Journal of Emergencies, Trauma, and Shock
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ORIGINAL ARTICLE
Year : 2012  |  Volume : 5  |  Issue : 1  |  Page : 16-22

Different causes of referral to ophthalmology emergency room


Department of Ophthalmology, School of Medicine, Tehran University of Medical Sciences, Eye Research Center, Farabi Hospital, Tehran, Iran

Correspondence Address:
Shima Bozorgui
Department of Ophthalmology, School of Medicine, Tehran University of Medical Sciences, Eye Research Center, Farabi Hospital, Tehran
Iran
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Source of Support: None, Conflict of Interest: None


DOI: 10.4103/0974-2700.93104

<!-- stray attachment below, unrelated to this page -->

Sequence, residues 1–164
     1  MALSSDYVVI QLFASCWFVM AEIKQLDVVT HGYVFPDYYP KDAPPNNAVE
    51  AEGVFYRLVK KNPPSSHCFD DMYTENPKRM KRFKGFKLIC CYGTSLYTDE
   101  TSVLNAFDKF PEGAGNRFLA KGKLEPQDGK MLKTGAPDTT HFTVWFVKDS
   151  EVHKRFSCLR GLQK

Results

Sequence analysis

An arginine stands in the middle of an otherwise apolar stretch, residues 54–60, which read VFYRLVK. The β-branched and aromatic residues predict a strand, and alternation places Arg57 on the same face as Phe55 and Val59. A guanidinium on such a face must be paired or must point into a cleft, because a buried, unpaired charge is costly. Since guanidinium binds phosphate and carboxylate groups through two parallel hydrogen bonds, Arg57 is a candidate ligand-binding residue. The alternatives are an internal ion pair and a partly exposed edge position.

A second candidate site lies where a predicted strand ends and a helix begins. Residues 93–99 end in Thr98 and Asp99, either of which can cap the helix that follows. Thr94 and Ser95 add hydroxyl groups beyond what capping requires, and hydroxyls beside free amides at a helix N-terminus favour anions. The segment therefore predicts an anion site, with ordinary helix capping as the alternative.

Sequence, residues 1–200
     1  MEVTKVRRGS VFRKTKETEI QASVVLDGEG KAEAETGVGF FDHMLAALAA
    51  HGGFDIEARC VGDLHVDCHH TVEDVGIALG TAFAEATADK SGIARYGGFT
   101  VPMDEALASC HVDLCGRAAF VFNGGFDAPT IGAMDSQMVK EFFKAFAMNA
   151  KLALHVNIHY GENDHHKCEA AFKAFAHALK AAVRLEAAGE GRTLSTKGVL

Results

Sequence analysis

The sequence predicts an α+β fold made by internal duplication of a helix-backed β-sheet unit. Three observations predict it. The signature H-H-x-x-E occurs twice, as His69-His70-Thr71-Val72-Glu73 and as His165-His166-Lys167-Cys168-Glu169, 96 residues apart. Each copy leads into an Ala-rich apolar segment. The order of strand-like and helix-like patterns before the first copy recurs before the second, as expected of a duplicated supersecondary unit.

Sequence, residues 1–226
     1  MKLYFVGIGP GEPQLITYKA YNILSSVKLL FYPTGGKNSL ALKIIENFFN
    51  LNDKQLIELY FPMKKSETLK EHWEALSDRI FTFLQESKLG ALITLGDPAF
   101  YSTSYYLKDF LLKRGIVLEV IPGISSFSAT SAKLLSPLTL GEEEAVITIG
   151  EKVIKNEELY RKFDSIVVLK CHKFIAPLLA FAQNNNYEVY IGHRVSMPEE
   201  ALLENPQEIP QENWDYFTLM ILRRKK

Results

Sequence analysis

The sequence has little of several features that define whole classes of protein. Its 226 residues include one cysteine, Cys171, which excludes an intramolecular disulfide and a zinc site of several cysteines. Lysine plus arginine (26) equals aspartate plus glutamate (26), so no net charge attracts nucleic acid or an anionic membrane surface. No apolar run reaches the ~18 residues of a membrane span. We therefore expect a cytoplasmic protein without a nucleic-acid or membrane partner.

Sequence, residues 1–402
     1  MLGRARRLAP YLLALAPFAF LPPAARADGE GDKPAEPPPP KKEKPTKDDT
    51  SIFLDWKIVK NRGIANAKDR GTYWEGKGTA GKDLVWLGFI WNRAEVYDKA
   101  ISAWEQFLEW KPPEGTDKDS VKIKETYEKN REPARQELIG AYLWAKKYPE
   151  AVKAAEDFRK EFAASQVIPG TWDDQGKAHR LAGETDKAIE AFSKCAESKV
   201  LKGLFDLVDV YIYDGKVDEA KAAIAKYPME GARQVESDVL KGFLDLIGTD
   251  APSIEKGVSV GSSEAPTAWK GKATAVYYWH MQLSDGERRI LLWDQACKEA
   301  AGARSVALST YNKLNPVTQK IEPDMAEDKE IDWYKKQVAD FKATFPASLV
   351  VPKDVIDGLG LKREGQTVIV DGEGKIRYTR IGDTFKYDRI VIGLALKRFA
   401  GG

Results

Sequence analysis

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Background: Eye-related complaints compose approximately 1-6% of complaints of patients referring to general emergency ward around the world. Eye injuries are the most common cause of referral to eye emergency ward. To understand the impact of eye injuries in Iran and to plan preventive strategies, it is important to understand the complete magnitude of the problem with regard to true population-based data and standard reproducible definitions. Aim: The main goal of this study was to identify the major causes of referrals to eye emergency ward in patients with eye-related complaints in an eye referral Hospital in Iran. Settings and Design: In a cross-sectional study, 3150 patients who referred to Farabi Hospital emergency ward, Tehran, Iran, from January to December 2007 were included in the study and their detailed information were recorded. Materials and Methods: The patients' demographic data, medical history and final diagnosis were recorded in a questionnaire. Results: The mean age of patients was 33.2±16.8 years and 2380 patients (75.6%) were males. While 299 patients (9.5%) were referred for non-urgent reasons, work-related injuries were the most common cause of referral (955 patients; 30.3%). In patients referred due to trauma (1950 patients), work-related injuries occurred in 955 patients (49%) and occurred accidentally (by chance) in 819 patients (42%). The majority of patients referred with traumatic injuries were males (1708 patients; 87.6% versus 242 patients; 12.4%). The most common etiologies of eye trauma (1950 patients) were metal filings (814 patients; 41.8%), blunt trauma (338 patients; 17.3%), fireworks (236 patients; 12.1%) and sharp objects (222 patients; 11.4%). Globe injury was diagnosed in 1865 patients (95.7%) of trauma cases. In patients referred due to non-traumatic reason (1200 patients), eye infection occurred in 482 patients (40.2%) and 299 patients (24.9%) were referred for non-urgent reasons. There was little difference between the frequency of non-trauma-related problems among genders (672 male patients; 56% versus 528 female patients; 44%). Conclusions: This study identified multiple risk factors whose presence significantly increases severity of an eye injury. Male gender, youth and unprotected eyes during high-risk activities such as sports and certain jobs are risk factors for eye injuries. In patients referred due to non-traumatic reasons, males and females are similar. Considerable proportion of non-trauma-related problems was due to eye infection, that one of the most important reasons may be connected to the increasing use of contact lenses in our target population. Thereupon, we need for further educative and preventive interventions at the level of general population.


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